NHS Resolution have now released their second report regarding the Early Notification Scheme, entitled The Second Report: The Evolution of the Early Notification Scheme.
The second report builds upon the first report, which was released after the first full year of the scheme in 2018, by updating on the progress of the recommendations set out in the first report. The report also outlines how the scheme has developed and makes further recommendations based upon analysis of the scheme to date.
The key finding in the report is a vast improvement in the timescale for a liability decision to be reached since the introduction of the scheme. Previously, and in non-EN cases, the average time for a liability decision is 7 years from the date of injury. This timescale has been reduced to approximately 18 months in EN cases. This is not only beneficial to families, allowing mobilisation of support from a very early stage, but it is also beneficial for learning within Trusts, allowing issues to be identified and acted upon much closer to real time.
The report outlines the following key developments since the EN scheme commenced in April 2017:
- The adoption of an expert ‘summit’ process, in which multiple similar cases are discussed simultaneously, allowing consideration of liability issues to be fast-tracked.
- Streamlining of the original reporting criteria, to include only those cases where injury has been confirmed. This ensures a focus on babies who have suffered harm and for whom there is a potential likelihood of complex care needs and a high value financial compensation payment.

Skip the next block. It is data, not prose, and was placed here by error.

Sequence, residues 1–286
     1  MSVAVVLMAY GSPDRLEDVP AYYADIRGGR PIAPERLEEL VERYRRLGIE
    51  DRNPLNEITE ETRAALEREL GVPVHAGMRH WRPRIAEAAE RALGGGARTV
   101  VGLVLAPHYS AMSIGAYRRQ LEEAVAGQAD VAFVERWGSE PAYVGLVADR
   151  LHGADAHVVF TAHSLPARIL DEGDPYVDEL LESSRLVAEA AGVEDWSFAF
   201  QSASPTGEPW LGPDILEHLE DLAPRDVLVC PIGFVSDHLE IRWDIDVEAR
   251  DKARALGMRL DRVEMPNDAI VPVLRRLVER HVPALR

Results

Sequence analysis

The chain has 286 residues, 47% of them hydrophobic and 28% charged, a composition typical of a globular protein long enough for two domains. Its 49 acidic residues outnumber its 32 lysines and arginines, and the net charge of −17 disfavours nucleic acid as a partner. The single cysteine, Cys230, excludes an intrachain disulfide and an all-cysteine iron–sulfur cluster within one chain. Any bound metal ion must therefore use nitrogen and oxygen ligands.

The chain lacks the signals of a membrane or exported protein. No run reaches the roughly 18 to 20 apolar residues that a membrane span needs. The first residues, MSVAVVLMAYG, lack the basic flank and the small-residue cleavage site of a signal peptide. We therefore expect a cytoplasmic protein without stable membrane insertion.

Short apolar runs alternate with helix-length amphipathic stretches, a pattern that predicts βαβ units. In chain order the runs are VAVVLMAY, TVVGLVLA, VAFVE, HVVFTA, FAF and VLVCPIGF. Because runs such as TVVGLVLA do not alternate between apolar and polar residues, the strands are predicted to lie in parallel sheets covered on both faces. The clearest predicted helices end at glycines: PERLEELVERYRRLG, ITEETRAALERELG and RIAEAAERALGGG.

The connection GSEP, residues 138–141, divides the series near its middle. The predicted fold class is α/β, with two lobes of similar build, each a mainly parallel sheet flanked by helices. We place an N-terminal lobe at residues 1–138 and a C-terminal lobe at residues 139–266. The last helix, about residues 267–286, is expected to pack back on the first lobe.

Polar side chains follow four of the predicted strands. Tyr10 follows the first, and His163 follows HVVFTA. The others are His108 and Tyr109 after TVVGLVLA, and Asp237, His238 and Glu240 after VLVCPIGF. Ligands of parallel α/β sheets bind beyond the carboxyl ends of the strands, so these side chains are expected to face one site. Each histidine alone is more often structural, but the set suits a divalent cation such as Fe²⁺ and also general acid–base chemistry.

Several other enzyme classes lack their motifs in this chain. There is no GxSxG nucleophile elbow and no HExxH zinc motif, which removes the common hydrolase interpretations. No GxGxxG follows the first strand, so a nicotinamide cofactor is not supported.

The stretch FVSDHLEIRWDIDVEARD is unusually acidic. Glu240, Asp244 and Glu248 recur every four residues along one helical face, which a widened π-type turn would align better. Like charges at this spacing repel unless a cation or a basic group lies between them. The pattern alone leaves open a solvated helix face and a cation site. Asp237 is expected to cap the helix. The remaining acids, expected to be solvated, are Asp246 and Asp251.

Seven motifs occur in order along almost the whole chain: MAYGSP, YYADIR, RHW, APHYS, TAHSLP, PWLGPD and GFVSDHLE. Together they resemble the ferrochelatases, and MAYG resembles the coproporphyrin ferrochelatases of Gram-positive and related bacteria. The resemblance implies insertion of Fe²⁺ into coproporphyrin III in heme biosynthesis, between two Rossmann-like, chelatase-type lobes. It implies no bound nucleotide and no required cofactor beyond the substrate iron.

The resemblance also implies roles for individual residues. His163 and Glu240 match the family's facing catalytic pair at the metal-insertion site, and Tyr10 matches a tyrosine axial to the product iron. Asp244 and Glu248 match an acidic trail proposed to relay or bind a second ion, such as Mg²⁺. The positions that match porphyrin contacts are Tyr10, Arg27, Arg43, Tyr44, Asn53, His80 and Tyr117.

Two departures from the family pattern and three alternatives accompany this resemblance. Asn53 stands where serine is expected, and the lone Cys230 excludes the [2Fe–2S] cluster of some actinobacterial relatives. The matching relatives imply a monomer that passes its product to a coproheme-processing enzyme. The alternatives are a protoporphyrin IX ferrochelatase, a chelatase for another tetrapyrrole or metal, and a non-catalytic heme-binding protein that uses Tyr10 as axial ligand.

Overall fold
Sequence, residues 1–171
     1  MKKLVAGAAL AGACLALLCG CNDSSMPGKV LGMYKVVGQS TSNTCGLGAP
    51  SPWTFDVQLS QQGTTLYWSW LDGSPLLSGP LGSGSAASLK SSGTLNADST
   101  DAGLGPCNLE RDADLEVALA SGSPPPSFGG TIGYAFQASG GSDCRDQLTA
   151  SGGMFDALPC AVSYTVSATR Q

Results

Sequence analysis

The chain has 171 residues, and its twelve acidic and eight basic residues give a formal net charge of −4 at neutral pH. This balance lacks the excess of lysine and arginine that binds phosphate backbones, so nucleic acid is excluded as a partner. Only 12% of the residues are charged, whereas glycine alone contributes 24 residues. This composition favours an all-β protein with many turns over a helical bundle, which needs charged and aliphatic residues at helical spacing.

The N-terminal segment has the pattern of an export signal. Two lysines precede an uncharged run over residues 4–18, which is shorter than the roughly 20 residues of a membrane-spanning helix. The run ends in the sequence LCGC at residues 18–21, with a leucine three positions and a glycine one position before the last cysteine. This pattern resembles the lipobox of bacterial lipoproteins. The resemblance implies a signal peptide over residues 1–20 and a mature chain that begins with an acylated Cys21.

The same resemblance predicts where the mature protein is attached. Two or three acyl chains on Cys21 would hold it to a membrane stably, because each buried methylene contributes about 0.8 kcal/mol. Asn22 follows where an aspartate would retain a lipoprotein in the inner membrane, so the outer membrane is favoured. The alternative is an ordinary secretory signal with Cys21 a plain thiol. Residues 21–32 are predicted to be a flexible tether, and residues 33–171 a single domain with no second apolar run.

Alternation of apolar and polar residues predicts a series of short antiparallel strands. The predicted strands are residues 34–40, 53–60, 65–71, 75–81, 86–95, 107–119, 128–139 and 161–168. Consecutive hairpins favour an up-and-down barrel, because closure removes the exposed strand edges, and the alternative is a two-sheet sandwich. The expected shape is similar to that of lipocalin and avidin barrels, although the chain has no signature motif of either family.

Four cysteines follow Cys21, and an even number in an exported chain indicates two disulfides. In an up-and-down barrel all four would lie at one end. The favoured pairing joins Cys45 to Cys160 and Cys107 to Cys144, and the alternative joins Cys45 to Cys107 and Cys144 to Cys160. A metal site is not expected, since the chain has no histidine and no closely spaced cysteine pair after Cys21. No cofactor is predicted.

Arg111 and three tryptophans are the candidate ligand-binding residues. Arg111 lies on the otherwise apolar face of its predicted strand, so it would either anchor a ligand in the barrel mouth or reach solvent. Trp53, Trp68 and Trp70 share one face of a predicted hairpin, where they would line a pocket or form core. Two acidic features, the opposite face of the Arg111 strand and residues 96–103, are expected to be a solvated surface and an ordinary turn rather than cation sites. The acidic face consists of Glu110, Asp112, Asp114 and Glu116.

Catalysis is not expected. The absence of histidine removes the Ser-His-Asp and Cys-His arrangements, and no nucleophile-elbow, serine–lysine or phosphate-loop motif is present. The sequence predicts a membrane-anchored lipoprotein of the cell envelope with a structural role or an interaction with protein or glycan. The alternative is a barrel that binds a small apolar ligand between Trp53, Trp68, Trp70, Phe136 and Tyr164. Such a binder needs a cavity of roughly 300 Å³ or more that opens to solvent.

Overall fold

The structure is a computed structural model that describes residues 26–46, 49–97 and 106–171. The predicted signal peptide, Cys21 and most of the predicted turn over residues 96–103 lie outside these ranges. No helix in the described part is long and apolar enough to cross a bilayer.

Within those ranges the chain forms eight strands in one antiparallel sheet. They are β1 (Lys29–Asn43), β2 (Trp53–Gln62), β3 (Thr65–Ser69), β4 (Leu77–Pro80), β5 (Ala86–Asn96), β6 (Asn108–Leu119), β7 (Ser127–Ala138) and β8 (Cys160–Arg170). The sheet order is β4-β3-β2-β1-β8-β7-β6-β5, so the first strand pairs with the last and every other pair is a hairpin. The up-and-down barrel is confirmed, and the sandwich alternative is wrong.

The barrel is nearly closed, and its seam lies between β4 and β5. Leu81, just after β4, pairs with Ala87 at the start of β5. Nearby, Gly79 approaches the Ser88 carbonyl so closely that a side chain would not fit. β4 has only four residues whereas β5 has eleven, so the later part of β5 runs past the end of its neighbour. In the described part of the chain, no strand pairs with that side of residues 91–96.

- The creation of a Maternity Voices Advisory Group to develop closer links with families and to support and inform the work of the scheme, as well as collaborating to produce family-facing resources.
The report can be found here - The second report: The evolution of the Early Notification Scheme - NHS Resolution
The report also identifies common clinical themes which have arisen through a cohort of analysed cases, with the aim of providing an understanding of why harm occurs and where efforts need to be focussed to improve care on a system-wide basis. The following situations arose frequently in the cohort:
- Problems arising from delays in escalation.
- Problems with fetal heart rate monitoring.
- Uterine rupture in women opting for vaginal birth after caesarean section.
The report goes into further detail on these common themes, providing recommendations for addressing each, which will be of interest to clinicians in improving care.
Taking into account the key findings from analysis of the scheme to date, alongside the objectives for its future progression, the report concludes by recommending that NHS Resolution supports the work of the royal colleges and wider stakeholders to:
- “improve antenatal information provision and counselling before trial of vaginal birth after caesarean”
- “improve awareness of the options available and the response to harm for families and staff.”
- “encouraging a joined-up approach between trust legal services and maternity & risk teams.”
The report indicates that a larger evaluation of the EN Scheme will be conducted in 2023 to assess the impact on families, staff, and the service.